The People of the State of California, Plaintiff-appellee, v. Frank Joseph Sandoval and James Vigil, Defendants-petitioners-appellants, v. the City of Los Angeles, a Municipal Corporation, Roger Arnebergh, City Attorney Thereof, Edward Davis, Chief of Police Thereof, Collier Mcdermon, John Doe I to X Inclusive, and Municipal Court of Los Angeles Judicial District, the Hon. Judge David I. Aisenson, Respondents-appellees, 434 F.2d 635 (9th Cir. 1971)Annotate this Case
Rehearing Denied February 5, 1971
Manuel Ruiz (argued), Los Angeles, Cal., for appellant.
Howard Fox (argued), Deputy City Atty., Roger Arnebergh, City Atty., Philip E. Grey, Asst. City Atty., Los Angeles, Cal., for appellee.
Before BARNES, HUFSTEDLER and TRASK, Circuit Judges.
Appellants, Frank Joseph Sandoval and James Vigil, seek reversal of an order of the district court denying their petition to remove a state criminal prosecution against them pursuant to 28 U.S.C. § 1443.
Appellants were guests at a formal banquet that was part of a program sponsored by the California Department of Education to discuss the problems of Mexican-American education. Governor Reagan of California was the featured speaker; his address displeased appellants and several others present. To protest the speech, this group rose and began a rhythmic clapping, eventually forcing the governor prematurely to terminate his address. A citizen's arrest of appellants was made, and complaints were filed alleging that appellants had violated California Penal Code, §§ 403 (disturbing a public assembly) and 415 (disturbing the peace).
Appellants petitioned the district court, seeking removal of the state prosecution under 28 U.S.C. § 1443. Appellee moved to remand the case to the state court pursuant to 28 U.S.C. § 1447, and the court granted the motion. This appeal followed.
Section 1443 gives a right of removal to, among others, certain petitioners who claim federally secured rights as a defense to a state prosecution.1 The Supreme Court, however, has given section 1443 a restrictive interpretation. In two related cases in 1966, Georgia v. Rachel, 384 U.S. 780, 86 S. Ct. 1783, 16 L. Ed. 2d 925, and Greenwood v. Peacock, 384 U.S. 808, 86 S. Ct. 1800, 16 L. Ed. 2d 944, the Court set out the narrow parameters of this right. All petitions for removal must satisfy two criteria: First, the petitioners must assert, as a defense to the prosecution, rights that are given to them by explicit statutory enactment protecting equal racial civil rights. (Georgia v. Rachel, supra at 788-792, 86 S. Ct. 1788-1790; Greenwood v. Peacock, supra at 824-827, 86 S. Ct. at 1810-1812.) Second, petitioners must assert that the state courts will not enforce that right, and that allegation must be supported by reference to a state statute or a constitutional provision that purports to command the state courts to ignore the federal rights. Bad experiences with the particular court in question will not suffice. (Georgia v. Rachel, supra at 794-804, 86 S. Ct. at 1791-1797; Greenwood v. Peacock, supra at 827-828, 86 S. Ct. at 1812-1813.)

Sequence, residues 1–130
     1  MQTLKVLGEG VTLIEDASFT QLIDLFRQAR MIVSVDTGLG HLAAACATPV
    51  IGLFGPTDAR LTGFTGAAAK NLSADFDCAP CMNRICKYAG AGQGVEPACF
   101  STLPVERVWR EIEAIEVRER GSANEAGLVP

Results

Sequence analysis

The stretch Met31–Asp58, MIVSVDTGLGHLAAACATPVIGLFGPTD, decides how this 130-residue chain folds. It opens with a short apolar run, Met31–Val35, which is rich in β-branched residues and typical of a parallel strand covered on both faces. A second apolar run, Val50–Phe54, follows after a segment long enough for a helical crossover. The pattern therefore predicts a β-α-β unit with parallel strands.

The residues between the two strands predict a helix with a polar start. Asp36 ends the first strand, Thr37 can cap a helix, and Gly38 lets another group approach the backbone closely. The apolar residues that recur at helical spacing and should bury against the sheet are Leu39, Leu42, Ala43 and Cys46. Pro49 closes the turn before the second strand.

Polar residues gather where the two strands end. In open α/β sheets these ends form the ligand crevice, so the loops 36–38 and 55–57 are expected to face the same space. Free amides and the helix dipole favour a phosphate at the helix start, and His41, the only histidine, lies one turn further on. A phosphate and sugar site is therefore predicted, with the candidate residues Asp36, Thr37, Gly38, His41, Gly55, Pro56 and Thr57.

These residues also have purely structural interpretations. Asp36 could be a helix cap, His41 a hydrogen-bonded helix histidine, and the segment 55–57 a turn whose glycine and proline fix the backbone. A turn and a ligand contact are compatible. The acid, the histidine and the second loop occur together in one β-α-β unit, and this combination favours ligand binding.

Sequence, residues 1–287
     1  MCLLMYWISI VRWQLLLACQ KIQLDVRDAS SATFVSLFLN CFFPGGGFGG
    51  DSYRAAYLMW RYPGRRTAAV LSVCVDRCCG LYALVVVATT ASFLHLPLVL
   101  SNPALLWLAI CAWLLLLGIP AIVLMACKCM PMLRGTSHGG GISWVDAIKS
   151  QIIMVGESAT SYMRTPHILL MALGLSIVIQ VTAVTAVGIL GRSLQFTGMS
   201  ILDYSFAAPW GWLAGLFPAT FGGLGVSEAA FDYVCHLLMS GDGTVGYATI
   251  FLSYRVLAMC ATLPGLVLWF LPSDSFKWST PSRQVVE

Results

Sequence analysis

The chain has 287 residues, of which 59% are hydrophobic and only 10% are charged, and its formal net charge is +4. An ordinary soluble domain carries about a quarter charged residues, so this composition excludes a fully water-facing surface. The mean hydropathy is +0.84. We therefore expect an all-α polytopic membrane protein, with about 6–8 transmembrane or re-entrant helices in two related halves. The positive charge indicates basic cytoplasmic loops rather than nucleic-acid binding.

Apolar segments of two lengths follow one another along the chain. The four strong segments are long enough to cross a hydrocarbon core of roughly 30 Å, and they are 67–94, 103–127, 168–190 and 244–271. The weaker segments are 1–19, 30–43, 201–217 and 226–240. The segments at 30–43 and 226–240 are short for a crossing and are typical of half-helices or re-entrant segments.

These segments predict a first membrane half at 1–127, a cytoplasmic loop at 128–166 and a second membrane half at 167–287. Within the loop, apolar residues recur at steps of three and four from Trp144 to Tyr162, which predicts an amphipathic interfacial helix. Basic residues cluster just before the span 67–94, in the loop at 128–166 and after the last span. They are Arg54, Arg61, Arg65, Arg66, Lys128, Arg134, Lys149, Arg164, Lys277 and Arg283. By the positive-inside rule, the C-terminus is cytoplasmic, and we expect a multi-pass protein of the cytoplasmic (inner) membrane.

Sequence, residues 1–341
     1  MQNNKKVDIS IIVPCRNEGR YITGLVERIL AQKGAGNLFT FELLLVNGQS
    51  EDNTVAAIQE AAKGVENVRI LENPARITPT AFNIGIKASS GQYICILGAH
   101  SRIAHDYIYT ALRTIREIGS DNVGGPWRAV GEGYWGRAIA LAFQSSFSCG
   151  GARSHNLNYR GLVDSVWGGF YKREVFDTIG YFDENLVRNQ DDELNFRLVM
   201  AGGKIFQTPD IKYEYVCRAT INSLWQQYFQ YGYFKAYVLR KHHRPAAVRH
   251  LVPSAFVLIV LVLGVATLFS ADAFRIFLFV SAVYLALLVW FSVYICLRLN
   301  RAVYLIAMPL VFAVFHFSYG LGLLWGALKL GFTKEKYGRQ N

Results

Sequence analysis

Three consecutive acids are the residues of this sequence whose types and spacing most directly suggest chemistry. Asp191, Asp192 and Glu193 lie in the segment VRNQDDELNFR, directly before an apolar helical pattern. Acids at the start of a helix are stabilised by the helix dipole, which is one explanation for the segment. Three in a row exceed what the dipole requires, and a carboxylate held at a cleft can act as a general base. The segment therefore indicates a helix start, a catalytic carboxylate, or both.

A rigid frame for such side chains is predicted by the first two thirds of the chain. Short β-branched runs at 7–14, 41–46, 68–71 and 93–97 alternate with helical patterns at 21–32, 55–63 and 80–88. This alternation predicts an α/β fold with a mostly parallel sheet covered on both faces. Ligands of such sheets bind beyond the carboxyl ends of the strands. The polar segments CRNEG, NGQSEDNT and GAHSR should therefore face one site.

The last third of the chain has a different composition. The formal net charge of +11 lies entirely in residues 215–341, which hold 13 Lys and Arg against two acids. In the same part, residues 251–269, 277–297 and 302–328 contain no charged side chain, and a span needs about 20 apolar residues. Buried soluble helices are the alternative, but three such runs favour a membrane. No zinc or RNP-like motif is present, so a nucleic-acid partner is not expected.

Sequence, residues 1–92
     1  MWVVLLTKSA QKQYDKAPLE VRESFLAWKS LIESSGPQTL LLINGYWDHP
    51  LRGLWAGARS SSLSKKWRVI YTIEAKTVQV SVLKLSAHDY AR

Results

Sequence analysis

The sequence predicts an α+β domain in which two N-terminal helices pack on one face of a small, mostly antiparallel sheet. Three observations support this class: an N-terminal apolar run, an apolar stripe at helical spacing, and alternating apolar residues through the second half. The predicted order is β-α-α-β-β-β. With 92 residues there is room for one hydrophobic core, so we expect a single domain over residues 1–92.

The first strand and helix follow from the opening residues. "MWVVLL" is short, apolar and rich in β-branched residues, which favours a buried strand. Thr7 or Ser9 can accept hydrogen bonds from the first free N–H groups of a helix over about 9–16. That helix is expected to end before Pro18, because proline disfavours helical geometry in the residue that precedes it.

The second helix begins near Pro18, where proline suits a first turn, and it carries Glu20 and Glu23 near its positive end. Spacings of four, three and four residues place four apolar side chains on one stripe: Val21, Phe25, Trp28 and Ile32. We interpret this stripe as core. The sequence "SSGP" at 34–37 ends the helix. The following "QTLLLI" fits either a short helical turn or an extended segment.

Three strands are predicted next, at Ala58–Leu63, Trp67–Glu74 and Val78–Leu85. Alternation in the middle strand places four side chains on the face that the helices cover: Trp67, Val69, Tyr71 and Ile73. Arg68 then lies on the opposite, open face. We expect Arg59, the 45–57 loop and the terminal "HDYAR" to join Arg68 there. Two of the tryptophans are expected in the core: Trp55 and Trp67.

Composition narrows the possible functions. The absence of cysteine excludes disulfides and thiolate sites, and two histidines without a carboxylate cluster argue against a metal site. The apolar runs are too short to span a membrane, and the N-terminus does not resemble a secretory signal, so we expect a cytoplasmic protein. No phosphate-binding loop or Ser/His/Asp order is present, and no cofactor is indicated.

Appellants have not met either of these criteria. Despite their ingenious effort to attack the state prosecution in terms of the Civil Rights Act of 1964, it is clear that the rights that they assert spring, not from specific statutory grants, but from the broad protections of the First and Fourteenth Amendments. Such rights are not within the coverage of section 1443. (Georgia v. Rachel, supra, at 788-792, 86 S. Ct. at 1788-1790; Greenwood v. Peacock, supra at 825, 86 S. Ct. at 1811.) Nor can appellants point to any enactment of California state law that supports the inference that what rights they have will not be heard fully and fairly in the courts of that state.
The order is affirmed.
The full text of § 1443 is as follows:
"Any of the following civil actions or criminal prosecutions, commenced in a State court may be removed by the defendant to the district court of the United States for the district and division embracing the place wherein it is pending:
"(1) Against any person who is denied or cannot enforce in the courts of such State a right under any law providing for the equal civil rights of citizens of the United States, or of all persons within the jurisdiction thereof;
"(2) For any act under color of authority derived from any law providing for equal rights, or for refusing to do any act on the ground that it would be inconsistent with such law."